Producer Jordan Peele has worked to shed new light on the Lorena Bobbitt case that dominated headlines and spawned an international media circus.

As discussed in the new Amazon Prime documentary, Lorena, what began as a typical night in 1993 ended with Lorena cutting off her husband’s penis and throwing it from her car window. She later described years of domestic violence, while her husband attempted to paint a picture of a woman scorned. Amidst the interviews of smirking witnesses (including John, himself) telling R-rated jokes and making comments about squirming first responders, some may be surprised to find interviews with the doctors involved in the reattachment surgery. But what about medical privacy?

The Health Insurance Portability and Accountability Act (HIPAA) Privacy Rule created national standards to protect individual’s medical records and other personal health information. The Privacy Rule aimed to give patients more control over their health information, set boundaries for the use and release of health records, and established appropriate safeguards. It has also unintentionally resulted in a lot of confusion, with many believing that any issue involving medical information gives rise to HIPAA concerns.

The HIPAA Privacy Rule covers health plans, healthcare clearinghouses, certain healthcare providers, and their business associates. These entities are required to put certain safeguards in place for the protection of individually identifiable health information. The situation can really become muddled when a covered entity is also an individual’s employer. Those employers that are also covered entities should note that the Privacy Rule does not cover employment records, although other laws (such as the Americans with Disabilities Act, as amended) may apply. In addition, the Privacy Rule does protect medical or health plan records if the employee is also a patient of the provider or a member of the health plan.

When Does HIPPA Go Out the Window?

So, can doctors start giving media interviews on high profile medical cases, such as the Bobbitt case? The answer is that it depends. First, the HIPAA Privacy Rule was enacted years after the Bobbitt case began making headlines and those cringe-worthy, grainy interviews began airing. Second, an individual may sign an authorization allowing for disclosure of his or her own protected health information. After watching Lorena or otherwise learning about John’s years of chasing the spotlight, I doubt anyone would be surprised if John signed exactly such an authorization.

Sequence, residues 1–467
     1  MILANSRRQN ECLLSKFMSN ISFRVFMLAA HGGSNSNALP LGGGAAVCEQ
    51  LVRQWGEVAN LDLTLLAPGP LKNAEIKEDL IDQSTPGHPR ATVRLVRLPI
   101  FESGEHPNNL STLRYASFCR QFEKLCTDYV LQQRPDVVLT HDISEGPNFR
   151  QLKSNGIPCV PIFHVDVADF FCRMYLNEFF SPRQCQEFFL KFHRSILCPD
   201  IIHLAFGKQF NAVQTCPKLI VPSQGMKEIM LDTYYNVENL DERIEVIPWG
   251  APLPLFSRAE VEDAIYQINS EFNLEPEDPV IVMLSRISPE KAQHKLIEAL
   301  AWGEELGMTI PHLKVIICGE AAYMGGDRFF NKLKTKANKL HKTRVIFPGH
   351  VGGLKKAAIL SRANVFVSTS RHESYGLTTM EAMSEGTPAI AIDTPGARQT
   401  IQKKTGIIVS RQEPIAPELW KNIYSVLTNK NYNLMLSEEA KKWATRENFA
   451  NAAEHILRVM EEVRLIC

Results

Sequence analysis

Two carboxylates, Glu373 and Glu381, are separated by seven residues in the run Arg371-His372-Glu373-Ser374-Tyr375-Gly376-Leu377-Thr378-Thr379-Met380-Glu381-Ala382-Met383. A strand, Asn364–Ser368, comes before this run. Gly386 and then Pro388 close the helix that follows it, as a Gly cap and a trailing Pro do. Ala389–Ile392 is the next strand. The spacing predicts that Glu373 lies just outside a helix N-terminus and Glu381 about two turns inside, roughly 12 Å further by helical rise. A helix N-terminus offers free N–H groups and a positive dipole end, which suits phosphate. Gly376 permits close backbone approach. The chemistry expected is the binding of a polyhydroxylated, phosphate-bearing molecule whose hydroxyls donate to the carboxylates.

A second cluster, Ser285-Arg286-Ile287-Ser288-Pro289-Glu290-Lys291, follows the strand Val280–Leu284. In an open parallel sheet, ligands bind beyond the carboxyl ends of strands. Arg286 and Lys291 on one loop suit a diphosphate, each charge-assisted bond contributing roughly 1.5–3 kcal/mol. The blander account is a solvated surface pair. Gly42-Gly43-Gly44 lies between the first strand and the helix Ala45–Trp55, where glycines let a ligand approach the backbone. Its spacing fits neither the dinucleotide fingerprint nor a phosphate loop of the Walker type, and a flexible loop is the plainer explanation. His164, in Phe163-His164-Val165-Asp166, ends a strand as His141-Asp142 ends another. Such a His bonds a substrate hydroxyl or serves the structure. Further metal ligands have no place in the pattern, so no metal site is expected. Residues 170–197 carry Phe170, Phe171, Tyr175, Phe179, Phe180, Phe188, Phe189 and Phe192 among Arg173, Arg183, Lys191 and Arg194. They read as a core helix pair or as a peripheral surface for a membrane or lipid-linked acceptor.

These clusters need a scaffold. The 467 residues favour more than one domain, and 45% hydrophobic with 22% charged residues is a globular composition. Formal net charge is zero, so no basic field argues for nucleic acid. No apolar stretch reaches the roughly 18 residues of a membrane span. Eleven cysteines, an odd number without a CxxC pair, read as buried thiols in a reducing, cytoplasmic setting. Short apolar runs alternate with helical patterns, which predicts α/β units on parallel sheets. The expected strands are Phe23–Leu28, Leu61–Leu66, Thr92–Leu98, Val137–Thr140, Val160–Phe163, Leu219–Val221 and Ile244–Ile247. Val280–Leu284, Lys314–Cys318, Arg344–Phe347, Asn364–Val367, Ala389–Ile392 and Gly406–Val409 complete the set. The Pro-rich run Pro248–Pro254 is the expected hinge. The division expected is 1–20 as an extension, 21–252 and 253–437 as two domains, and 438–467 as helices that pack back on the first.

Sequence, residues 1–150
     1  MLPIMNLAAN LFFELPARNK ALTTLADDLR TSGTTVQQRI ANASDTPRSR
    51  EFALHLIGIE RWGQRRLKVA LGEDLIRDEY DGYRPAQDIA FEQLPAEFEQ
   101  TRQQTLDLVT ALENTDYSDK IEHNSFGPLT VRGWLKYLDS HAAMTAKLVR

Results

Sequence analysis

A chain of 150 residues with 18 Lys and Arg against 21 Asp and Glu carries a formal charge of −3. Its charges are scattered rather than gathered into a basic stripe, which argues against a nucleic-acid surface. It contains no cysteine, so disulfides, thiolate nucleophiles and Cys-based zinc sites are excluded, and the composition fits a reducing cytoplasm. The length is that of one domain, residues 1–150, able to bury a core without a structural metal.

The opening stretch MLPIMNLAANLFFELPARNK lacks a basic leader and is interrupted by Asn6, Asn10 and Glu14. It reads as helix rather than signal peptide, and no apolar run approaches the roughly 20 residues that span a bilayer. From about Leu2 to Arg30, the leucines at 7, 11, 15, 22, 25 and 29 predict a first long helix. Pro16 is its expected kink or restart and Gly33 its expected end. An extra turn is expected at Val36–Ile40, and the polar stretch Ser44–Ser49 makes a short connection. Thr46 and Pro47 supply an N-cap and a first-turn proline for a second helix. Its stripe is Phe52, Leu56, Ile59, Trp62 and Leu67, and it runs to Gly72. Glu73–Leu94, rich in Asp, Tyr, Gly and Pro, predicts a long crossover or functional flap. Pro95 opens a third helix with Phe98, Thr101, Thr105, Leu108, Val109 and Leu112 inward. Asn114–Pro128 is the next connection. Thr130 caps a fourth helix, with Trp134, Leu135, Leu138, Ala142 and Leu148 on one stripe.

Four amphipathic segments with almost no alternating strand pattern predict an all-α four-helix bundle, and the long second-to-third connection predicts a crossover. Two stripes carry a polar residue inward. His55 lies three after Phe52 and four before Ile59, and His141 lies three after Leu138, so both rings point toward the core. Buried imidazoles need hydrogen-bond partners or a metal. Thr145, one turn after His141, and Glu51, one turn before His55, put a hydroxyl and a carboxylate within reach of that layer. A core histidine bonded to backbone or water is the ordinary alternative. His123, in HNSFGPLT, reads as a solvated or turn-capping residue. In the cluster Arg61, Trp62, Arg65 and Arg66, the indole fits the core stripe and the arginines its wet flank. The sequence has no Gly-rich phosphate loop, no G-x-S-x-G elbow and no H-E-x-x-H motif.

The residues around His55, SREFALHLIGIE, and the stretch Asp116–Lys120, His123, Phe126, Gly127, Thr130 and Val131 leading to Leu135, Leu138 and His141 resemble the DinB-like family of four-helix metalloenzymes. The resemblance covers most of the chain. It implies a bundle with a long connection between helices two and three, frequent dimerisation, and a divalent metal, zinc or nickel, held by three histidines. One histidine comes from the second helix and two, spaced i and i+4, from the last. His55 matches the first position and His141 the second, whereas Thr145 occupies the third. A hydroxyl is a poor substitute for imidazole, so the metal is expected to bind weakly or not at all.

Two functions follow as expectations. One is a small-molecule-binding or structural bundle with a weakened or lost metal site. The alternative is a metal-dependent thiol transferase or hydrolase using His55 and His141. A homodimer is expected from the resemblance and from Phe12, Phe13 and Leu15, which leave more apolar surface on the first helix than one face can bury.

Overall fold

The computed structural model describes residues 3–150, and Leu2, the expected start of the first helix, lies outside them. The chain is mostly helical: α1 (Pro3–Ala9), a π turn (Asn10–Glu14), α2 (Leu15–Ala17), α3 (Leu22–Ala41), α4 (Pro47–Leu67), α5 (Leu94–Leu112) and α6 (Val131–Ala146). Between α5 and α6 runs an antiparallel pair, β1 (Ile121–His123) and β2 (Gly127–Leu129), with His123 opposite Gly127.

While the Bobbitt case continues to horrify and mystify the masses, hopefully this blog post will clear up a little of the confusion surrounding the HIPAA Privacy Rule. You should certainly consult appropriate legal counsel if you have any questions about these or any other privacy issues.

  • Kristin Gray represents management in labor and employment matters in the courts, in arbitration, and before government agencies, including the EEOC, the U.S. Department of Labor, the South Carolina Department of Labor, the South Carolina Human Affairs Commission, and other agencies at the federal, state and local level. She concentrates her practice on representing management in matters related to employment issues including discrimination, harassment, and retaliation claims under Title VII, the ADA, the ADEA, and state law. Kristin also assists management with issues related to HIPAA compliance, employment policies, handbooks, the FMLA, contracts, separation agreements, wage and hour, and other workplace matters. Find her on LinkedIn here.